Modi hopes to return to power for a third five-year term. He and other leaders of the Bharatiya Janata Party unveiled their promises in the world’s largest democracy days before the start of a multi-phase general election.
Modi promised to expand social programs introduced during his party’s 10-year rule, including millions of free homes for the poor, along with healthcare, cooking gas and free grain. His government has been paying 6,000 rupees ($73) a year to poor farmers.
He said his government’s policies have pulled 250 million people out of poverty since he came to power in 2014. India is the world’s most populous country with over 1.4 billion people. The BJP’s president, J.P. Nadda, said less than 1 percent of Indian people now live in extreme poverty.

HIGHLIGHT

Voting for the country’s parliament will begin on April 19 and run until June 1, and results will be announced on June 4.

India holds its elections on different days in different parts of the country, stretching over weeks. Voting for the country’s parliament will begin on April 19 and run until June 1, and results will be announced on June 4.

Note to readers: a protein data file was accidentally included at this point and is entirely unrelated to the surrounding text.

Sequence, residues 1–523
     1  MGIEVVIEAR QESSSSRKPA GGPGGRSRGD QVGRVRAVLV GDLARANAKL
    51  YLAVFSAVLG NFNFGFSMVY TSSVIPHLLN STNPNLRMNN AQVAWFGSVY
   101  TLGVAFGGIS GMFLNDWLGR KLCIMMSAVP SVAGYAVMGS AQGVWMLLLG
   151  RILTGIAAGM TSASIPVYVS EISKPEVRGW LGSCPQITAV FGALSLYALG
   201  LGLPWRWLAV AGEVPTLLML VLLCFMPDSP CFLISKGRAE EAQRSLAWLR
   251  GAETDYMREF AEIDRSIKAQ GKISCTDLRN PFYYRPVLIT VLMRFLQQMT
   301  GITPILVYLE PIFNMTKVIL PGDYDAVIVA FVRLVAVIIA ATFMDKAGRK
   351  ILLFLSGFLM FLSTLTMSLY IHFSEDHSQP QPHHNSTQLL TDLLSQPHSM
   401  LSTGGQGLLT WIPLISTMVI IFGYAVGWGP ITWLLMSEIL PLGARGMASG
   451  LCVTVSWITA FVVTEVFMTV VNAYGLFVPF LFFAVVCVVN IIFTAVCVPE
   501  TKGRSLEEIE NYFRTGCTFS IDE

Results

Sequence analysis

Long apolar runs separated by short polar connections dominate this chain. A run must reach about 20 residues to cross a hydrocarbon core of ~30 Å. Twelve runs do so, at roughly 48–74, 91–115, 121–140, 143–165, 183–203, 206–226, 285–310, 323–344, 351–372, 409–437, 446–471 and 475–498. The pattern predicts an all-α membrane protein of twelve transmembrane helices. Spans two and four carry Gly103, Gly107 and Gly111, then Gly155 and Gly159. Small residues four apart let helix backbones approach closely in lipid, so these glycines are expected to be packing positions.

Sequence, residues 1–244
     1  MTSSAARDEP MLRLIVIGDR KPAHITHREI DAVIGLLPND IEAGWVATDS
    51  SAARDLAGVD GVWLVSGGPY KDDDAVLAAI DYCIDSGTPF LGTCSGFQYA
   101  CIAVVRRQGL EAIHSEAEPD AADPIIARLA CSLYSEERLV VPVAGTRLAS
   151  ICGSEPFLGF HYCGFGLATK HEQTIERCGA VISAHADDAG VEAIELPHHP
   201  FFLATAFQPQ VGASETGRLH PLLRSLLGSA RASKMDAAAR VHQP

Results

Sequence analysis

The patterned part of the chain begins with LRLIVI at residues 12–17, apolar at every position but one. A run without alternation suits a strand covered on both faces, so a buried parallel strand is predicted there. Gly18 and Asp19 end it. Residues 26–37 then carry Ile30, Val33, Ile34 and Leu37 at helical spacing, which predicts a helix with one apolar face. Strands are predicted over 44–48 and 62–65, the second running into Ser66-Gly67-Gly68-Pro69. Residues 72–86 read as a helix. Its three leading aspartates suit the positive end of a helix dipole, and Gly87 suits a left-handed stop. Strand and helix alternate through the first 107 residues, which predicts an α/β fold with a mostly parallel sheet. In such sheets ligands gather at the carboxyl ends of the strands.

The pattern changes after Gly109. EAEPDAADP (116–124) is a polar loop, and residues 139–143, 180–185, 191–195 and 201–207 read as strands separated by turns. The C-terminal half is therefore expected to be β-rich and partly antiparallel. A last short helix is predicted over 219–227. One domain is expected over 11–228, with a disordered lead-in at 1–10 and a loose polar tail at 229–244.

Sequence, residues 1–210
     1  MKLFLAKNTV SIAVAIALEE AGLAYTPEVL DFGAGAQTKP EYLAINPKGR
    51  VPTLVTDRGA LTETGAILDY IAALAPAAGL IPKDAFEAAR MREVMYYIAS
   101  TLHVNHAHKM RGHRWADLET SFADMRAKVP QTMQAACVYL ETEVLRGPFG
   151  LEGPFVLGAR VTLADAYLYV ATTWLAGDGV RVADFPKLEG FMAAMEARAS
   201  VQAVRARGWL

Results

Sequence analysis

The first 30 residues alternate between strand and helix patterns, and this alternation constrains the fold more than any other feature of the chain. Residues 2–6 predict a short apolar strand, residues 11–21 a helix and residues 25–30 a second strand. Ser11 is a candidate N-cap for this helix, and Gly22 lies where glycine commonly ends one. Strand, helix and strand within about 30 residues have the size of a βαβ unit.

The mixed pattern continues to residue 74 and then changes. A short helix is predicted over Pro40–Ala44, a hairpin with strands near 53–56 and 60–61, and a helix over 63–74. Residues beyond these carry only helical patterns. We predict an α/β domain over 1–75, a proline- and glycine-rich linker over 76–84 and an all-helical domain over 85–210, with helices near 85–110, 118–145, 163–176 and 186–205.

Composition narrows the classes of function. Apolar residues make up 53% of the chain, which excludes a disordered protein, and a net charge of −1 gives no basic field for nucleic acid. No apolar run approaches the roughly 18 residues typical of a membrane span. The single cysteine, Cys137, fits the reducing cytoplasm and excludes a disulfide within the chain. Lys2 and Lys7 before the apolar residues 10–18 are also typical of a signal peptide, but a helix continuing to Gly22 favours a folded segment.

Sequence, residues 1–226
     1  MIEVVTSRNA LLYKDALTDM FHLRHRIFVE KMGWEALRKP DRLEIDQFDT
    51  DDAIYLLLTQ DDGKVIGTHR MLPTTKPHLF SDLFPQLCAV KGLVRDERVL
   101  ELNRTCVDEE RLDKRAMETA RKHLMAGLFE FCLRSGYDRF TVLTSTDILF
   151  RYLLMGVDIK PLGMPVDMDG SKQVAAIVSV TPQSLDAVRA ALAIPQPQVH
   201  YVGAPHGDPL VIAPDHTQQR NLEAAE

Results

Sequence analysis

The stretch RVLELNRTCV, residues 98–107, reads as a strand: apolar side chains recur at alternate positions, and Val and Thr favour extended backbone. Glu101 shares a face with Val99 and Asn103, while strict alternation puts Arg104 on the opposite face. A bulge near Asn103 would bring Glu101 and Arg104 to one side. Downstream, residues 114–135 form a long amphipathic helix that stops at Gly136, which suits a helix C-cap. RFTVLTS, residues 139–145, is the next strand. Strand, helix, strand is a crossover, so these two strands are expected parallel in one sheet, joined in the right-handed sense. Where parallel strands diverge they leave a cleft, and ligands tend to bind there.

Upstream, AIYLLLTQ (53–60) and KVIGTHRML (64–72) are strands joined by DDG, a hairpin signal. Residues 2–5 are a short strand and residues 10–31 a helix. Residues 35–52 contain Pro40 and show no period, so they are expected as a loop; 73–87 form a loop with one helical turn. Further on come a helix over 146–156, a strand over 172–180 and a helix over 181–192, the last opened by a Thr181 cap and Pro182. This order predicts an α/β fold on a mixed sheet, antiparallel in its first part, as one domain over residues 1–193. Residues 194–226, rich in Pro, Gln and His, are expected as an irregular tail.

Most polls have predicted a victory for Modi and the BJP. But the opposition Congress Party argues that Modi has undermined India’s democracy and favored the interests of the rich.
Modi has been campaigning extensively across the country, promising to expand India’s economy to $5 trillion by 2027 from around $3.7 trillion. He also promises to put India on track to become a developed country by 2047, when the country celebrates 100 years of independence from British colonialists.
On Sunday, he said his party would develop India as a hub for the pharmaceutical, energy, semiconductor and tourism industries. He also said India will modernize its infrastructure, including its railways, airways, and waterways. And he said he will seek to increase jobs for young people and access to cheap loans for young entrepreneurs.
Modi is broadly popular in India, where he’s considered a champion of the country’s Hindu majority and has overseen rapid economic growth.
But critics say another term for the BJP could undermine India’s status as a secular, democratic nation, saying its 10 years in power have brought attacks by Hindu nationalists against the country’s minorities, particularly Muslims, and a shrinking space for dissent and free media.